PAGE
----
Friday, February 1, 2013

The Eyes Have It

I should have been born wearing glasses, but I didn't get my first pair until age five. I've lost count of just how many different styles of frames I've worn over the years, although I'm certain it's well over twenty.

Yesterday my newest pair and first rimless ones arrived. I ordered them a month ago and have anxiously awaited them since January 2.

For visually impaired readers, glasses are pretty important. These days eye wear serves both a fashion and utilitarian function. This makes me think about the semiotics of eye wear and literature that references both the eyes and glasses.

When I think about my own eye problems--Strabismus, near-sighted, astigmatism--the text I recall most is Edgar Allan Poe's "The Tell Tale Heart":

I think it was his eye! yes, it was this! He had the eye of a vulture --a pale blue eye, with a film over it. Whenever it fell upon me, my blood ran cold; and so by degrees --very gradually --I made up my mind to take the life of the old man, and thus rid myself of the eye forever.

I, too, have been vexed by my eyes, especially the left one. I've had three surgeries to correct the misalignment, two on the left and one on the right. I stress about this constantly, as I know what it's like to look at a student and have the student say, "Are you talking to me?" because my ornery eye decides to disobey my brain's command to look where I choose.

When I was a kid, I frequently endured taunting because of my "lazy eye," with the epithet of choice being "Clarence the Cross-Eyed Lion" from the television show "Daktari" (1966-1969). The teasing ceased in junior eye, until Gilbert Vincent reminded my classmates midway through eighth grade.

These days children receive treatment early, generally as young as six months, but I didn't have my first surgery until eighth grade. My English teacher told my classmates that I'd have to exercise caution to prevent my eye falling out of the socket! That made me somewhat of a celebrity in my small town.

The Great Gatsby probably appeals to me in part because of it's eye symbolism. I'm anxious for the new Baz Luhrmann film, although I won't see it in 3-D since my eyes don't function together. First Fitzgerald introduces Doctor T. J. Eckleburg:

But above the grey land and the spasms of bleak dust, which drift endlessly over it, you perceive, after a moment, the eyes of Doctor T. J. Eckleburg. The eyes of Doctor T. J. Eckleburg are blue and gigantic--their retinas are one yard high. They look out of no face but, instead, from a pair of enormous yellow spectacles which pass over a nonexistent nose. Evidently some wild wag of an oculist set them there to fatten his practice in the borough of Queens and then sank down himself into eternal blindness or forgot them and moved away. But his eyes, dimmed a little by many paintless days under sun and rain, brood on over the solemn dumping ground.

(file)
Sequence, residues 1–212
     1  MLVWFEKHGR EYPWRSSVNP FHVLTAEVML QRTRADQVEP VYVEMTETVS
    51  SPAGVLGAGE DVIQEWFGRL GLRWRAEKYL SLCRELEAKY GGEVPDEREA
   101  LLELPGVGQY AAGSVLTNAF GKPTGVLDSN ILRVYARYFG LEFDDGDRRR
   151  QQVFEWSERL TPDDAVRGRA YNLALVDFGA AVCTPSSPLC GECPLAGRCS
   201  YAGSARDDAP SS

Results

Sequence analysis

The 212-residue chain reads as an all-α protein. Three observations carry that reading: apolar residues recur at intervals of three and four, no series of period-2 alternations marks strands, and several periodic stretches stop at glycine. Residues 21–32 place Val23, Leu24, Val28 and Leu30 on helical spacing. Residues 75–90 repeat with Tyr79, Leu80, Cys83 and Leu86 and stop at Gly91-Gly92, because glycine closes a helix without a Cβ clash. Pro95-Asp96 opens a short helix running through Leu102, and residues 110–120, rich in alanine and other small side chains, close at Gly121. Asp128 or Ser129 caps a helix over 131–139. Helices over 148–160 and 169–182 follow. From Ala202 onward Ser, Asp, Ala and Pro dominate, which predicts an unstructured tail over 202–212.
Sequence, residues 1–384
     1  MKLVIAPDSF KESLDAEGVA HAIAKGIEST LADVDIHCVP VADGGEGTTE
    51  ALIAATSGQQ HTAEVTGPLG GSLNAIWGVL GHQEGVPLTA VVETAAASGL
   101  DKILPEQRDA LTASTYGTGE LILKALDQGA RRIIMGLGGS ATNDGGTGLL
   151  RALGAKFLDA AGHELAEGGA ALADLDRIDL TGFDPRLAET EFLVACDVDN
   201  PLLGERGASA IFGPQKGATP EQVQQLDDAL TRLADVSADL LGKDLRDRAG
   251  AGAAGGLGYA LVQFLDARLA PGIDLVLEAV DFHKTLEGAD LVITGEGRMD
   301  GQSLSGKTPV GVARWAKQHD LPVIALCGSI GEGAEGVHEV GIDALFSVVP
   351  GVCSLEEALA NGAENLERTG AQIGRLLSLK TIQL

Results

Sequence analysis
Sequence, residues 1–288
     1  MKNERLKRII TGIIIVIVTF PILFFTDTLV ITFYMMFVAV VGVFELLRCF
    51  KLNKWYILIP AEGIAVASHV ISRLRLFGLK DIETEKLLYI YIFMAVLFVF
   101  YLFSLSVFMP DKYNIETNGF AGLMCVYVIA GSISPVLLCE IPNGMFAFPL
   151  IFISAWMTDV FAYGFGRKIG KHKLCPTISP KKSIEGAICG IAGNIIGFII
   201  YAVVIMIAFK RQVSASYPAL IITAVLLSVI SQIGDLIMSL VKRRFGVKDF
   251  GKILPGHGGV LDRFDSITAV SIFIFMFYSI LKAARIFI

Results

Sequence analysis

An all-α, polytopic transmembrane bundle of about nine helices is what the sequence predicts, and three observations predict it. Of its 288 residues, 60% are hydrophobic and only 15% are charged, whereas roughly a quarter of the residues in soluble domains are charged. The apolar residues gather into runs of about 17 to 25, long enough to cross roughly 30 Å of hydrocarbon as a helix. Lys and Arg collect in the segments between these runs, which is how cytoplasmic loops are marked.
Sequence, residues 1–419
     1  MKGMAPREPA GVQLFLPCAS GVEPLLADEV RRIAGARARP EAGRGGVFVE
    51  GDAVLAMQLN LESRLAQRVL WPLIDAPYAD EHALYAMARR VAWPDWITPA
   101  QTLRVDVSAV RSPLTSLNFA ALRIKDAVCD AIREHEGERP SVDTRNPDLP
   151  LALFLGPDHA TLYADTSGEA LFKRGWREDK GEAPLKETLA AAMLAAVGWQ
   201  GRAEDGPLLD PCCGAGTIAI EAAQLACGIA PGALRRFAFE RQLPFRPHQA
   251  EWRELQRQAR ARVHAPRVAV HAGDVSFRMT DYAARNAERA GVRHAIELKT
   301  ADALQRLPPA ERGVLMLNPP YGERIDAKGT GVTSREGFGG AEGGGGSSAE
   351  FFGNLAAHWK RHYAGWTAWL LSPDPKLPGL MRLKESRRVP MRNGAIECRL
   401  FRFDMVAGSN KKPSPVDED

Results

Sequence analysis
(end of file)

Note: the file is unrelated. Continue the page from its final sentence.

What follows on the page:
For many readers, Doctor T.J. Eckleburg symbolizes an omniscient god. Indeed, Nick talks about following Tom

along the road under Doctor Eckleburg's persistent stare (28).

When I first read the first passage, I glossed in the margin of my book: "Is God saddened by what's happened to the dream?"

I've never had a pair of yellow glasses, but I have had white, blue, brown, turtle, bronze, silver, pinkish-purplish, and now my first pair of rimless and my second embellished with crystals.
Jane Austin 1st editions, and
the pink/purple glasses.

The owl-eyed man would fit right in with those who wear glasses primarily as a fashion accessory rather than from necessity since like so much in Gatsby, his glasses are real but not much else about him is authentic.

Just as Piggy's glasses in Lord of the Flies are an essential part of him, so too are my specs an essential part of me. I think about semiotics and rhetoric when I choose new frames. What do I want to communicate about myself?

My last pair, the pinkish-purple Lieber frames, had a row of crystals along the top that sparkled as I bent my head to grade papers. My new frames are rimless. A former student commented, "They open up your face." When I showed a picture to my friend Ann, she said, "They show more of your face."

Prior to those remarks, I hadn't thought much about my glasses as something to hide behind, although I'm sure some might choose frames with that in mind. I have small facial features and a strong prescription, so both factor into my choice of small glasses. In the past the technology hadn't advanced enough for me to have rimless, although I've longed for them over the years.

For the boys, Piggy's glasses are a technological advancement that Jack wants to use as "burning-glasses."

But when we first meet Piggy, he

wiped his glasses and adjusted them on his button nose. The frame had made a deep, pink V on the bridge.

Indeed, dealing with the sweat issue is challenging but not nearly as much as when the lenses were glass.

Of course, the biggest worry is breakage, something Piggy knows all too well. Piggy

saw more clearly if he removed his glasses and shifted the one lens to the other eye; but even through the good eye, after what had happened, Ralph remained unmistakably Ralph. (155)
Piggy took back his glasses and looked at the smoke with pleasure. (162)
He was a chief now in truth; and made stabbing motions with his spear. From his left hand dangled Piggy's broken glasses. (168)

Like Piggy, I'm nearly blind and very vulnerable without my glasses and to see

I got to have them specs.

Until next time, "Here's looking at you, Kid!"